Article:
Gothic culture: “The music (dark, depressing), the look – lots of black, white faces, black eyeliner, crucifixes, churches, graveyards.”
Prior to and during the first half of the 1980s, certain mostly British-based sounds and images of the immediate post-punk climate became crystallized into an identifiable movement. While various factors were involved, there is little doubt that music and its performers were most directly responsible for the emergence of the stylistic characteristics of gothic culture.
Roots of gothic culture
The most important starting point of gothic culture was probably provided by the images and sounds of Bauhaus – notably the single, ‘Bela Lugosi’s Dead’, released in 1979. The performance of this song, and indeed much of the band’s set, contained most of the distinctive themes which still pervade the goth subculture, from macabre funereal musical tone and tempo, to lyrical references to the undead, to deep voiced eerie vocals, to a dark twisted form of androgyny in the appearance of the band and most of its following. In the period following these early signs, a cluster of emerging bands, many of whom played gigs alongside one another from time to time, found themselves placed by the music press into a scene temporarily labelled postor sometimes positive-punk and, eventually, goth. In addition to the continual relatively high-profile presence of Siouxsie and the Banshees and their acquaintances The Cure, the most important acts included Bauhaus, Southern Death Cult (later known as Death Cult and finally as The Cult), Play Dead, The Birthday Party, Alien Sex Fiend, U.K. Decay, Sex Gang Children, Virgin Prunes and Specimen. From 1982, the last of these were heavily involved in a London-based nightclub known as The Batcave, which ended up acting as an initial melting pot for many of the bands and fans associated with the fledgling style. Most notable, perhaps, was the further development and establishment among performers and their following of variants of the dark femininity pioneered by Bauhaus and Siouxsie and the Banshees. A particularly important and lasting addition to the style was Specimen’s use of ripped fishnet and other see-through fabrics, in the form of tops as well as tights. The club also acted as a magnet for the music press, keen in the wake of punk to find, report and, ultimately, construct any possible successors. It would appear that the term ‘goth’ was mentioned in passing by a number of those involved, including Tony Wilson, producer of Joy Division and members of both Southern Death Cult and U.K. Decay.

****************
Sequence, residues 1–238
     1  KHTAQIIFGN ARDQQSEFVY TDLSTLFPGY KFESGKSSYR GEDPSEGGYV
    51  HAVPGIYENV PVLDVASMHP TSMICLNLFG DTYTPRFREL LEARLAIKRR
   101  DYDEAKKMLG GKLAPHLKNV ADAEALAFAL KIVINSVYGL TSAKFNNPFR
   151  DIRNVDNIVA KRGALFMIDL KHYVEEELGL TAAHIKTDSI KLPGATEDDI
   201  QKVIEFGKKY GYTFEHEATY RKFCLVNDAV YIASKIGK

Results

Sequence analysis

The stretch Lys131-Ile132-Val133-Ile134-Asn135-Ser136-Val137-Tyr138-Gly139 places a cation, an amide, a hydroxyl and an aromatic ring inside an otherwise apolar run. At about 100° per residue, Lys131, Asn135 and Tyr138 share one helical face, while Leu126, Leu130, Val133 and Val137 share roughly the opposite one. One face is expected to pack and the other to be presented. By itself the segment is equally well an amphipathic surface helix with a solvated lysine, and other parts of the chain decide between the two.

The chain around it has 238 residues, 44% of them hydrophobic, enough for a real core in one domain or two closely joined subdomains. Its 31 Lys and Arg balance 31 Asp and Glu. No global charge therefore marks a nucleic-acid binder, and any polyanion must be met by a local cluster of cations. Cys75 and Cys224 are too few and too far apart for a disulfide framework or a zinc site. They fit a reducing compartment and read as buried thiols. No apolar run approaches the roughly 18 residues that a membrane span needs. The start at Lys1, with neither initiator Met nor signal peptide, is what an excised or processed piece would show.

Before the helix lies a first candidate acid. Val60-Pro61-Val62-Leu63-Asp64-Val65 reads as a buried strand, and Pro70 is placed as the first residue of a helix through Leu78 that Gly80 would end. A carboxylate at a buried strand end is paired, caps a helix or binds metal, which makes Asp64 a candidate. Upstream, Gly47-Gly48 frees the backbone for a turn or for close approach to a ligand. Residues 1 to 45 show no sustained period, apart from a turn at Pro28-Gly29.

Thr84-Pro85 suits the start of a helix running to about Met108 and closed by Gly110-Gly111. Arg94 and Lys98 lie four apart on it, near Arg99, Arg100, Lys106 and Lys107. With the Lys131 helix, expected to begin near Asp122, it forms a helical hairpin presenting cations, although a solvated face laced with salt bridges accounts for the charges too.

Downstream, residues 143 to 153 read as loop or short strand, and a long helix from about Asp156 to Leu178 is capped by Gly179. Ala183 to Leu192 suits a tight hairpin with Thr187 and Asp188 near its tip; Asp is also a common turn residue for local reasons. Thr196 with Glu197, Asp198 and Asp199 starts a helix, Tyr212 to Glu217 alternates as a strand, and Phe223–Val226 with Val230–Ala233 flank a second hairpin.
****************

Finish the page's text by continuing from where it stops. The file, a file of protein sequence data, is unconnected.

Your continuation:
As the music and style spread across and beyond Britain via the music press, radio and occasional television performances, record distribution and live tours, more and more nightclubs accommodated the numerous teenagers adopting the sounds and styles of what was soon to become widely known as the goth culture.